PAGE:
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Ali Abba, Making His Father Proud

Ali Abba, Making His Father Proud

Working as a Team in Chad

Chad’s capital Ndjamena is home to 700,000 of the country’s 15.8 million people—just 4% of the total population. Yet despite hosting only a fraction of the population, Ndjamena is home to 65% of Chad’s physicians—creating a life-threatening imbalance for the 15 million men, women and children who live in other parts of the country. 

Baga Sola, the second-largest town in Chad’s Lake Region, is one of many underserved regions in the country. In this and similar areas, few are able to consistently provide enough food for themselves, and malnutrition remains a leading cause of death in the country.

This perilous situation can be intensified by outbreaks of deadly diseases: 800,000 cases of malaria were reported in 2016, with 44% of cases under the age of five and 9% affecting pregnant women. 

A critical shortage of health workers isn’t the only barrier restricting access to healthcare. Poor wages, inadequate working conditions and a lack of transport to remote regions constitute further obstacles in the quest to improve Chad’s healthcare capacity.

International Medical Corps has been supporting communities in Chad since 2004. We initially helped refugees who fled Darfur, a region in Sudan often associated with relentless violence. Today, we save lives and relieve the suffering caused by the Boko Haram crisis, a conflict that started in Nigeria but that has created consequences affecting neighbouring countries such as Chad.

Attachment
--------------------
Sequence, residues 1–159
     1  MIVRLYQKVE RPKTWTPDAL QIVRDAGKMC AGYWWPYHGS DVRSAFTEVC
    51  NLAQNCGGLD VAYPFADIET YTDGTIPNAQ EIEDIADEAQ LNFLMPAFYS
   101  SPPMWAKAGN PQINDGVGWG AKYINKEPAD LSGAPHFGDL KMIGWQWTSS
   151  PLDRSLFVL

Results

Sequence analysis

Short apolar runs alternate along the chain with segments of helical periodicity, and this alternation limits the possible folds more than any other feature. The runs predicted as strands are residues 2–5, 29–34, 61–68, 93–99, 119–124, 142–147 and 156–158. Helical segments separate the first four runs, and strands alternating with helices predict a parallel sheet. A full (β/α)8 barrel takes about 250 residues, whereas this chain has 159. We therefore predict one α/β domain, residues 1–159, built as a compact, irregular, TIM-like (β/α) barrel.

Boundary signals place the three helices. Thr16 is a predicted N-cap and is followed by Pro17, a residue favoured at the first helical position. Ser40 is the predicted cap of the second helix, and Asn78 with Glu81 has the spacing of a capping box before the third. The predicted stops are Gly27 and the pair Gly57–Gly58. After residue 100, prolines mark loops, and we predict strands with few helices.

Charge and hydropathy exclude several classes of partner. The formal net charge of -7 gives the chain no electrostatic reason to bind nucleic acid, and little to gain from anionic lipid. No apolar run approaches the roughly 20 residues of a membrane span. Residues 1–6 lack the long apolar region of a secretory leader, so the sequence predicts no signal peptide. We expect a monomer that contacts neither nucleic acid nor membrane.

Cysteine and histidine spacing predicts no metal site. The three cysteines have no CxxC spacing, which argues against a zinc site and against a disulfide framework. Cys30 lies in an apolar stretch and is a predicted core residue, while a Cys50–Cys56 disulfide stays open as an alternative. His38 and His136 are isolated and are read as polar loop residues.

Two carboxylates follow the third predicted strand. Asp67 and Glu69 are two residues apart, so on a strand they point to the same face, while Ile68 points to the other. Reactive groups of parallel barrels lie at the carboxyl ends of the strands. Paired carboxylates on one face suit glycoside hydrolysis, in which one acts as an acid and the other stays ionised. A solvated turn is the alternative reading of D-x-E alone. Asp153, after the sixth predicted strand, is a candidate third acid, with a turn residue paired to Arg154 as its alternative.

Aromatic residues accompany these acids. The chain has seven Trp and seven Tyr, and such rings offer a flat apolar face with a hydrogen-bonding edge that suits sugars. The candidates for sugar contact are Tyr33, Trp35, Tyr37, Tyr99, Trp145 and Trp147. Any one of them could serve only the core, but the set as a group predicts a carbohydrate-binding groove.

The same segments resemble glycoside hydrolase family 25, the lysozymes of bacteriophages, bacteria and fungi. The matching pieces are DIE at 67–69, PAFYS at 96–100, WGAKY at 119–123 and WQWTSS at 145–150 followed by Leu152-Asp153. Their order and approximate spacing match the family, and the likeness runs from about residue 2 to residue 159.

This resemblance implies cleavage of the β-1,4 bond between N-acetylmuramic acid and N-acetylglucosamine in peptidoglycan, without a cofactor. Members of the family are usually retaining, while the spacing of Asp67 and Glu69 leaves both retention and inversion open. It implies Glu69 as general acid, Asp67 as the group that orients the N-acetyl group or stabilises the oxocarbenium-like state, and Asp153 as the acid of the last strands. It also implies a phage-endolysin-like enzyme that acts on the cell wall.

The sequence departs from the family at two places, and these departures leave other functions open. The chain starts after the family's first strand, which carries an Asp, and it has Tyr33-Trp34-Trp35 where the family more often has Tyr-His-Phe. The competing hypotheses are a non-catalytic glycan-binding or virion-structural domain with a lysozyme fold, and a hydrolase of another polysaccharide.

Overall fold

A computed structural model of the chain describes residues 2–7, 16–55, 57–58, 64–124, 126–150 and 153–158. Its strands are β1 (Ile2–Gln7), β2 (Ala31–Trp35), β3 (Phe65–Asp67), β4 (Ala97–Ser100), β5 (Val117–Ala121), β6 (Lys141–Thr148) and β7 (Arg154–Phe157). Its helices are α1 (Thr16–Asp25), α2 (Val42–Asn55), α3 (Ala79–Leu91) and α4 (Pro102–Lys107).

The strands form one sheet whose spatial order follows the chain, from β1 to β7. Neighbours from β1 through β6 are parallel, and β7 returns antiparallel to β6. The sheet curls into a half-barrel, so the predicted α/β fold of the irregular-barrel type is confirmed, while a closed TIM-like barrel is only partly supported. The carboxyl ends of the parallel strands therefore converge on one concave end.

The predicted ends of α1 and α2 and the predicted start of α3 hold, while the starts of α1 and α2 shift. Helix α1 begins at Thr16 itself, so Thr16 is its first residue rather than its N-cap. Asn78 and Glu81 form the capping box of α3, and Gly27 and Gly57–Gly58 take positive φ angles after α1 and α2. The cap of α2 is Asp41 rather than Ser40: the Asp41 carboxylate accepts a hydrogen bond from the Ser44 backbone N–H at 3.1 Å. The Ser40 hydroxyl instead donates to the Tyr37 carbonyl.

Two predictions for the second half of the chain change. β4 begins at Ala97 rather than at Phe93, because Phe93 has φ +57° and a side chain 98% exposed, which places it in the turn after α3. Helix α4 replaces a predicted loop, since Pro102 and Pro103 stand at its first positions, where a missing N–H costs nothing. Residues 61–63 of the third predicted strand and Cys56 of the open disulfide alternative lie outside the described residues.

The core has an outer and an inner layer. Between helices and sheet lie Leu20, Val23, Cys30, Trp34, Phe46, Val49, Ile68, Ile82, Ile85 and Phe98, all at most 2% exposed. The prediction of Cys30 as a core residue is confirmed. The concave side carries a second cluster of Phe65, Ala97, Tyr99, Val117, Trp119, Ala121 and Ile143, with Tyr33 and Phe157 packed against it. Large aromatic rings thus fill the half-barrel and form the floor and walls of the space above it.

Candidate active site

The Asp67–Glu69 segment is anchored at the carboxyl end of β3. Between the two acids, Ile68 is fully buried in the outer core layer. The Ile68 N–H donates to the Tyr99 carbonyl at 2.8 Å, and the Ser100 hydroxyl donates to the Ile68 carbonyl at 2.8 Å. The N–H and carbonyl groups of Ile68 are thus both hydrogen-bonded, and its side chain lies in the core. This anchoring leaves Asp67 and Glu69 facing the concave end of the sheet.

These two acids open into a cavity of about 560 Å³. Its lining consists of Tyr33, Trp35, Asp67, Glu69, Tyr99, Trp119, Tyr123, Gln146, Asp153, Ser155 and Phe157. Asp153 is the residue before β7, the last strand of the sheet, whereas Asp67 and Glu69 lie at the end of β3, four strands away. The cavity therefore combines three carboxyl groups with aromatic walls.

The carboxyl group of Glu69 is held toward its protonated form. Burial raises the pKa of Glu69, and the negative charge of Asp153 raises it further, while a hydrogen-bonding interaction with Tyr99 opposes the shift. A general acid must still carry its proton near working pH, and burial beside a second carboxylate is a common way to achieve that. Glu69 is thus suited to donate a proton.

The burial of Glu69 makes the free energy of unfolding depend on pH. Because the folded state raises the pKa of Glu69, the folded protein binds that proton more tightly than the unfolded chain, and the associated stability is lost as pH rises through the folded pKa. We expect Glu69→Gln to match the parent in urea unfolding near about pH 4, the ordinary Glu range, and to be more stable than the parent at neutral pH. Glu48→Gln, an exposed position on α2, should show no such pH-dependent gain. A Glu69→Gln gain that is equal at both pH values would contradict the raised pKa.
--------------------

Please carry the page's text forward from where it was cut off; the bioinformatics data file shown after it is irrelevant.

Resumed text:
Ali Abba, born and raised in a village two hours from Baga Sola, realised at a young age that he wanted to help address the vast disparities in Chad’s healthcare system. “My father guided me toward that path; he wanted me to save lives”, Ali explains. Today, he works as a nurse at Baga Sola Hospital, a facility located in the Lake Chad Basin, a region where International Medical Corps has been providing assistance since 2012. 

After studying nursing for four years in Cameroon, Ali joined one of International Medical Corps’ teams in Chad as a Nutritionist Supervisor at Baga Sola Hospital in 2014. Since then, Ali has been making his father proud. Among other things, he was involved in a project that supported four health centres in and around Baga Sola by providing equipment, pharmaceuticals and—crucially—healthcare professionals, an effort made possible thanks to generous support from the European Civil Protection and Humanitarian Aid Operations (ECHO) and UK Aid Direct.

Though providing trained staff in Chad will enhance the healthcare system, even more, important is what they—together with the local staff—can achieve by working as a team. In addition to his regular responsibilities, Ali trains nurses on the paediatric ward. “They ask me a lot of questions, we discuss a lot. I also ask questions sometimes, and these discussions are very useful. We are always learning from each other,” he says. 

Every discussion builds a more effective workforce and a stronger hospital. This strength, however, can only support people in need if they know where to come for help. This is why International Medical Corps also focuses on building community awareness and ensuring that local populations trust the medical assistance they can seek free of charge. Since we began our community awareness activities in the area, the extension of knowledge has already started to reap rewards: “We saw an increase of attendance, thanks to the activities”, Ali explains. “It motivates people to seek treatment at the hospital and clinics. International Medical Corps is doing a great job to heal people here”.

Chad’s health crisis will not be solved with a single intervention. Tackling an issue with so many challenging elements will require both time and dedication. But determined staff like Ali are a crucial step in the right direction. Ali and others like him do so much more than plug an acute gap; they leave a legacy of skills that will benefit generations to come.

Written by Sophie Steele

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